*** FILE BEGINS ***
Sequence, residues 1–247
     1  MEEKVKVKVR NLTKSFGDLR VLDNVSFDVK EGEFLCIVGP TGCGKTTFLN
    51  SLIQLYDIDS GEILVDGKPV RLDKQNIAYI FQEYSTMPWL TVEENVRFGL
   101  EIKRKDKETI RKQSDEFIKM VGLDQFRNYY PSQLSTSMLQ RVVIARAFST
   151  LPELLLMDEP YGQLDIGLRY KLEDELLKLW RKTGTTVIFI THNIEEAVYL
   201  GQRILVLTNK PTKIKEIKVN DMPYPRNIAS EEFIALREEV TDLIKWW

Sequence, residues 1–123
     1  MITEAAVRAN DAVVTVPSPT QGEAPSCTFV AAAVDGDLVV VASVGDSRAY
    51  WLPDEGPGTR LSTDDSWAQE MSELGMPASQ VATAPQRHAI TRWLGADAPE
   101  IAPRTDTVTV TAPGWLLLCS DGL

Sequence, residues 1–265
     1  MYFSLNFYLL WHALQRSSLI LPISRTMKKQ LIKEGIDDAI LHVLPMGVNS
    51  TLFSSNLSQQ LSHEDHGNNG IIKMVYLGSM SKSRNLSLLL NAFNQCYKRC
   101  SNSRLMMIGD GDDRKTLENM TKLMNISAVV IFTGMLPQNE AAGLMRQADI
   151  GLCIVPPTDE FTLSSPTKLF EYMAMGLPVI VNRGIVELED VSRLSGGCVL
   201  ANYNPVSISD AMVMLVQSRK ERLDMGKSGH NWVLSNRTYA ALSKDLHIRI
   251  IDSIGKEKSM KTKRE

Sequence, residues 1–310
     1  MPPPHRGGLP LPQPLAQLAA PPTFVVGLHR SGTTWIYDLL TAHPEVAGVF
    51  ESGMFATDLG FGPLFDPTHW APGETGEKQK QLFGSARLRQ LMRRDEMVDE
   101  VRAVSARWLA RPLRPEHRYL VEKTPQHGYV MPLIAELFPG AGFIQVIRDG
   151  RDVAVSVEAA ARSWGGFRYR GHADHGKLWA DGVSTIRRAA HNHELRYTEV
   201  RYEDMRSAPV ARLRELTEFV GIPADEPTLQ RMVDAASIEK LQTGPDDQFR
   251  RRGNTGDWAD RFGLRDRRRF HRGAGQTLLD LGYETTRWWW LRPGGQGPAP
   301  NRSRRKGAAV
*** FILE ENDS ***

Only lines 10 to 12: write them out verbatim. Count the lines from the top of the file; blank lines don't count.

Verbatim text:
   101  IAPRTDTVTV TAPGWLLLCS DGL

Sequence, residues 1–265
     1  MYFSLNFYLL WHALQRSSLI LPISRTMKKQ LIKEGIDDAI LHVLPMGVNS